I later sent word to his queen that her husband was dead and that she was expected to give herself to me in marriage. The girl, I set aside for my own son who would succeed me to the throne. But she would slowly be integrated into our lives in the palace when the war was finished. At the moment, she was a prisoner and a prize of war. And her father was still living.

Once the deathblow had been struck at Zolodia, I turned my unholy armies toward my enemy and those who had treacherously sided with him and Count Riglio. The battle was glorious. As a blood-red sun sank in the west, I knew I had won the day yet again. I felt glorious.

As the sun rose, blood-red, in the sky the next morning, I readied to do battle once more. Riglio had been defeated and lay near death in the enemy camp. Those who had rebelled were now abandoning the enemy’s camp and returning, penitent, to mine. Unforgiving, I condemned them all of treason and sent them to languish in my prisons. Their soldiers, I added to my own armies and carried the fight to my enemy once more.

Riglio died as I struck the final blow. No more could I punish him for his treason. Yet, in my mind, someone had to pay. So I stripped his family of their land, unjustly, and forced them into exile.

As I smashed the armies of my enemy, I saw him fall as well. I watched to see, with some hope that he would, if he rose again. He did not. He, too, had died a warrior’s death and my need for vengeance was stoked against his armies. Yet, they had done nothing but follow his commands.

I rode, victorious, into his capitol city and took his throne as my own. I demanded the hand of his widowed queen and was awarded it as spoils of war. His son was thrown into the dungeons under the very castle he had called home, never to emerge alive.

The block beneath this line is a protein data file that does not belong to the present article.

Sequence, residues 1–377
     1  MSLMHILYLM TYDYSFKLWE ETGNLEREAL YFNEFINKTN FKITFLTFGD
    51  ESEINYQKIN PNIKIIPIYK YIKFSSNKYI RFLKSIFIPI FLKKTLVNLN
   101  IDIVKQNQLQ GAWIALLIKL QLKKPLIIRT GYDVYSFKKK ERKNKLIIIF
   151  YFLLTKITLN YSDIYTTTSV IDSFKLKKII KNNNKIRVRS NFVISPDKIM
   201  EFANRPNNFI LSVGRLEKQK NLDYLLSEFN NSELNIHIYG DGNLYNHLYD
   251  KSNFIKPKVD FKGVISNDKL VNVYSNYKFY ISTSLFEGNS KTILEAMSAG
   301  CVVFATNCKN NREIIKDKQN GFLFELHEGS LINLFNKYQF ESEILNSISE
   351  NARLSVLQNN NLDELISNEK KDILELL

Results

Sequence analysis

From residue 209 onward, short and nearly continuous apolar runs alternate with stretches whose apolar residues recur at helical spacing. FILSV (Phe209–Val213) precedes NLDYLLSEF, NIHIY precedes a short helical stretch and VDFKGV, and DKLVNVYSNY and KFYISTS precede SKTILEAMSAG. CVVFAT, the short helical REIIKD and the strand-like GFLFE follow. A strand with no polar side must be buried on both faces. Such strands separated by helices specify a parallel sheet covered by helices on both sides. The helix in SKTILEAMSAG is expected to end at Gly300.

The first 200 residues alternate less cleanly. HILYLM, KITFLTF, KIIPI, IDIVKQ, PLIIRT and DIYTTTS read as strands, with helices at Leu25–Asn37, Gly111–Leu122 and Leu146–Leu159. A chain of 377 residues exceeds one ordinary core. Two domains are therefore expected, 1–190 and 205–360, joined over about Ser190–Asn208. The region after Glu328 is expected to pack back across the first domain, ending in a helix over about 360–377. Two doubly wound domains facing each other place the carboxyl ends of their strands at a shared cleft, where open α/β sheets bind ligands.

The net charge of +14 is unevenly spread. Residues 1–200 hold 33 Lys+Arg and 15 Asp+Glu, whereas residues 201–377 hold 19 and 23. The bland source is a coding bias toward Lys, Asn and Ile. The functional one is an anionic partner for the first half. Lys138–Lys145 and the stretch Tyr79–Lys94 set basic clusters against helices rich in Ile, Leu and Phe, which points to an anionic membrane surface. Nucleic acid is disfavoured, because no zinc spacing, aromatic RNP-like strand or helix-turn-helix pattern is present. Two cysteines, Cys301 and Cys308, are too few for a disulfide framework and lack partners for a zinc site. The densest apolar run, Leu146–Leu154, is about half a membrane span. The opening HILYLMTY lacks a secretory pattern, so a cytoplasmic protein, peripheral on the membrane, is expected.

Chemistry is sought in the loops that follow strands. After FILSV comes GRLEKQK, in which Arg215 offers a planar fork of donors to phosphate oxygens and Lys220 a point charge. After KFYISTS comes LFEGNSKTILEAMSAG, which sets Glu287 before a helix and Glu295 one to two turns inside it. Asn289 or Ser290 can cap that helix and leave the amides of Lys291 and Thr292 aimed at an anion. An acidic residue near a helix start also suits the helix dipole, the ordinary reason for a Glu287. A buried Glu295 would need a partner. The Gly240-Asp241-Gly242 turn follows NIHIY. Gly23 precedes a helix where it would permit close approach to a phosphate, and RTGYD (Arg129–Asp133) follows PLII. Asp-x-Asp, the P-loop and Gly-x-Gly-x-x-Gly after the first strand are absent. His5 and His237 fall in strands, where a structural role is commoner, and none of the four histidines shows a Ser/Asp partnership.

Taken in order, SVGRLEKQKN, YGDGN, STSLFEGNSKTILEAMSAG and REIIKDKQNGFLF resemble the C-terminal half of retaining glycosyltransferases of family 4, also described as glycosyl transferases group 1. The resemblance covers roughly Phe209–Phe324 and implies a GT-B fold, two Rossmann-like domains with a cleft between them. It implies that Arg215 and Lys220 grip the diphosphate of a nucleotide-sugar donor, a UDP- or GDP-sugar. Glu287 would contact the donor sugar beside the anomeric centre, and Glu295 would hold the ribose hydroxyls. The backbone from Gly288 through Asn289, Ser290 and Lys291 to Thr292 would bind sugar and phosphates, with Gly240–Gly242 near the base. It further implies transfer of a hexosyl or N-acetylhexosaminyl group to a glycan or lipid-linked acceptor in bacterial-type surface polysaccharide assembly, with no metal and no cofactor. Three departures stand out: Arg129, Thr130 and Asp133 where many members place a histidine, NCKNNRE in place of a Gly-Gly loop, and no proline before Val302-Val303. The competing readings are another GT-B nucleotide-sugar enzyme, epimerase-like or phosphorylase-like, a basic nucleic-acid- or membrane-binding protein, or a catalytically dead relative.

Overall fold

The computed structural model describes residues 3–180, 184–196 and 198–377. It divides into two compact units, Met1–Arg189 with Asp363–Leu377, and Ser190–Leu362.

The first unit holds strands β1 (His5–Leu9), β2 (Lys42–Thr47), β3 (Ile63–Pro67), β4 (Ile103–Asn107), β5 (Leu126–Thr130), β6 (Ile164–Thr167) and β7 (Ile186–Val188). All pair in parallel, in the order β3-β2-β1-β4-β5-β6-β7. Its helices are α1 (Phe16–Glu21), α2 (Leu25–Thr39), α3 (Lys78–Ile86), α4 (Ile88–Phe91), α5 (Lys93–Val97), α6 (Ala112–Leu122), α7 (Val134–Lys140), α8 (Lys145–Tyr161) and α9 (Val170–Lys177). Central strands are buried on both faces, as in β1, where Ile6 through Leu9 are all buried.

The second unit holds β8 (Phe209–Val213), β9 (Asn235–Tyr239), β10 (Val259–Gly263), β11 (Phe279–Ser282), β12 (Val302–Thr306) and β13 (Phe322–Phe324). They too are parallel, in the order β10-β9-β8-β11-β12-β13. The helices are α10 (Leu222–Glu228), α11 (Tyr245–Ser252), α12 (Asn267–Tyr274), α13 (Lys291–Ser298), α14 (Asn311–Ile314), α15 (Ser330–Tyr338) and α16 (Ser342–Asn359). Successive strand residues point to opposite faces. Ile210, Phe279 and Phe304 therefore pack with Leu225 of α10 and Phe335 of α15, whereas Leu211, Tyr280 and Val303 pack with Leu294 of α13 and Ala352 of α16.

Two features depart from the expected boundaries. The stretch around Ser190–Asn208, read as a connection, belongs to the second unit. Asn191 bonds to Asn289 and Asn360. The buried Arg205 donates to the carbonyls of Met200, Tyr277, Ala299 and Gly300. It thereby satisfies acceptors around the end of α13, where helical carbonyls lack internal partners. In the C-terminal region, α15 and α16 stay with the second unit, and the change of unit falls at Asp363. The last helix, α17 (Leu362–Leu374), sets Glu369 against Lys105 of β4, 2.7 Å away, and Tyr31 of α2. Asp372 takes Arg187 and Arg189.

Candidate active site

His borders upon my own lands were dissolved. His throne destroyed. His legacy forgotten. His heirs, slaughtered like lambs.

But my legacy had just begun. Or so I thought. Once I took his kingdom for my own, as well as his widowed queen, I rode toward Zolodia. I had to claim their kingdom as my own as well, as payment for the crimes of their king and their soldiers.

Behind me, I left a string of carcasses impaled upon spires of ash to warn all what would happen to those who betrayed me or waged war against me. Among them, I left the king of Zolodia and all his soldiers. I also left those who had betrayed me.


Somewhere behind me, judgment for my own soul rode in the form of my own son and the Wolfhounds who were loyal only to him. As they followed, they took down those I had impaled and burned their bodies, giving them a warrior’s funerary rite. With him rode the archangel Gabriel with his horn which would call legions of angels to their aid against the demonic armies I commanded.

And I would deserve whatever judgment he would pass upon my soul. I would deserve the death he would deal unto me. I had no more right to live than those I had executed as traitors. I, too, had betrayed my people. Not once, but twice.

But to Zolodia I rode. Behind me, the queen-widow of my enemy hung herself in shame for entering herself into unholy marriage with me. Her daughter, on the other hand, would not suffer such a fate. My second son would see to that.

The daughter of the Zolodian monarch would not suffer either, for she would fall in love with the son who now nipped at my heels. And he would love her as well. Not that this at all mattered to me, for it did not. I had been intent on punishing and defeating. And I did.